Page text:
Newsom names Butler, Black lesbian, to Feinstein's Senate seat

  • by Cynthia Laird, News Editor
  • Monday October 2, 2023
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Laphonza Butler has been appointed by Gavin Newsom to replace Dianne Feinstein in the U.S. Senate. Photo: Courtesy UC Regents
Laphonza Butler has been appointed by Gavin Newsom to replace Dianne Feinstein in the U.S. Senate. Photo: Courtesy UC Regents

Governor Gavin Newsom on Sunday named Laphonza Butler, a Black lesbian and president of Emily's List, to replace Dianne Feinstein in the U.S. Senate.

Butler, a longtime senior adviser to Vice President Kamala Harris, labor leader, and advocate for women and working people, will be the first openly LGBTQ person to represent California in the Senate. She will also be the first Black lesbian to openly serve in Congress in American history and the second Black woman to represent California in the Senate following Harris, according to a statement from Newsom's office

"An advocate for women and girls, a second-generation fighter for working people, and a trusted adviser to Vice President Harris, Laphonza Butler represents the best of California, and she'll represent us proudly in the United States Senate," Newsom stated. "As we mourn the enormous loss of Senator Feinstein, the very freedoms she fought for — reproductive freedom, equal protection, and safety from gun violence — have never been under greater assault. Laphonza will carry the baton left by Senator Feinstein, continue to break glass ceilings, and fight for all Californians in Washington D.C."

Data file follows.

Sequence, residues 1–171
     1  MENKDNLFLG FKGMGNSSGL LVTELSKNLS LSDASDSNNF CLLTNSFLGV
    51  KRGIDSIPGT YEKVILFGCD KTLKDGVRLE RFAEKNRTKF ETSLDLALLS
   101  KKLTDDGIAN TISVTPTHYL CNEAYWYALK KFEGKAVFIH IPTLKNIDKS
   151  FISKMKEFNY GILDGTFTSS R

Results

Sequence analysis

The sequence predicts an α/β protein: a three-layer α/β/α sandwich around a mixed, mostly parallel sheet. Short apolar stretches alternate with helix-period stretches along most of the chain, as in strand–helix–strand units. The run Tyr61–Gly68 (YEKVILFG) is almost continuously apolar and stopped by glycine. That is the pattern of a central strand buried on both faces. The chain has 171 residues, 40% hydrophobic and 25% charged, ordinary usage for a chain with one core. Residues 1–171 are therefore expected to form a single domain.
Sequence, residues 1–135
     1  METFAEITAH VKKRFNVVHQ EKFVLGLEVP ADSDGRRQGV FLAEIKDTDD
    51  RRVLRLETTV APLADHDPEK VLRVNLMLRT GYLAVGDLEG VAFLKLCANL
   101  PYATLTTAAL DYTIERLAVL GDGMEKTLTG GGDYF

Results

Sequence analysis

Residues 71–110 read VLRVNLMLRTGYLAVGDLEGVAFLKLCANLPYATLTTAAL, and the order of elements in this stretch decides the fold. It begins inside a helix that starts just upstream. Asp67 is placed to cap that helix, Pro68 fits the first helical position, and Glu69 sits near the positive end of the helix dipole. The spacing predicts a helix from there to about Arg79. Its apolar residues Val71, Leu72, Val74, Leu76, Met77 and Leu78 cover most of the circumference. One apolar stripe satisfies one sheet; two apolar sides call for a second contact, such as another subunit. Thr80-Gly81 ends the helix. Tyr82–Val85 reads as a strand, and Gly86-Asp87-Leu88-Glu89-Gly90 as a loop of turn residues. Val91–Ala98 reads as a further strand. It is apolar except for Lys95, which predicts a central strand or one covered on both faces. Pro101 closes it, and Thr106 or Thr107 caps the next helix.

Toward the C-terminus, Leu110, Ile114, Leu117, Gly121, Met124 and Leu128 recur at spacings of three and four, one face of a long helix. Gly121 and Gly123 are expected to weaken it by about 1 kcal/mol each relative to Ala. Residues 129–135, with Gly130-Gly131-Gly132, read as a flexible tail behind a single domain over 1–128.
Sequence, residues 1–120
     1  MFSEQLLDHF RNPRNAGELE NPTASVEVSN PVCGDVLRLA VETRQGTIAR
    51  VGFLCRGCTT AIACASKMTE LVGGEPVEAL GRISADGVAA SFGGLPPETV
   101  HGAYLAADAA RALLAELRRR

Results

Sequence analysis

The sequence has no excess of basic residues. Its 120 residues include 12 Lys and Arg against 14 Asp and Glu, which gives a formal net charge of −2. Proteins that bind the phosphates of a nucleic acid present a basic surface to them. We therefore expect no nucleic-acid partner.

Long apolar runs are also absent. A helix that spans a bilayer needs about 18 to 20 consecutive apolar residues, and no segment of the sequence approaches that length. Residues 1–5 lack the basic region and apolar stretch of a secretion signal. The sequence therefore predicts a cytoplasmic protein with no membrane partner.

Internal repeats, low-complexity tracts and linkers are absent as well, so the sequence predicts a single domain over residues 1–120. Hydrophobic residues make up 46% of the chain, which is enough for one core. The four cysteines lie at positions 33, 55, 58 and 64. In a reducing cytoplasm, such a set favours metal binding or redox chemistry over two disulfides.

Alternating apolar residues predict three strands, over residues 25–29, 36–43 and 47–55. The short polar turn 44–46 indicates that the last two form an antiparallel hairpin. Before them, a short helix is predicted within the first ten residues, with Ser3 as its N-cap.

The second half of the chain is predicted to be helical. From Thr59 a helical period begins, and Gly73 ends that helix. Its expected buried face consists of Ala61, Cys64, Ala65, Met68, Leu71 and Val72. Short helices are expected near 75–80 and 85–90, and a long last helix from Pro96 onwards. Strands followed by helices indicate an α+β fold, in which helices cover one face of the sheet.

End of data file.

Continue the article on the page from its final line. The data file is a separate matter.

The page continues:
Feinstein, a former San Francisco mayor and the longest-serving woman in the Senate, died September 29 at her home in Washington, D.C. She was 90.

With her selection to the Senate, Butler will step down from her role as president of Emily's List, where she was the first woman of color and mother to lead the organization, the announcement stated. The organization advocates for Democratic pro-choice women in politics. Prior to joining Emily's List, Butler ran political campaigns and led strategy efforts for numerous companies, organizations, and elected leaders — including for Harris and former secretary of state Hillary Clinton. For more than a decade, she served as the president of the largest labor union in California — Service Employees International Union Local 2015 — a union representing more than 325,000 nursing home and home-care workers throughout the state, according to Newsom's announcement.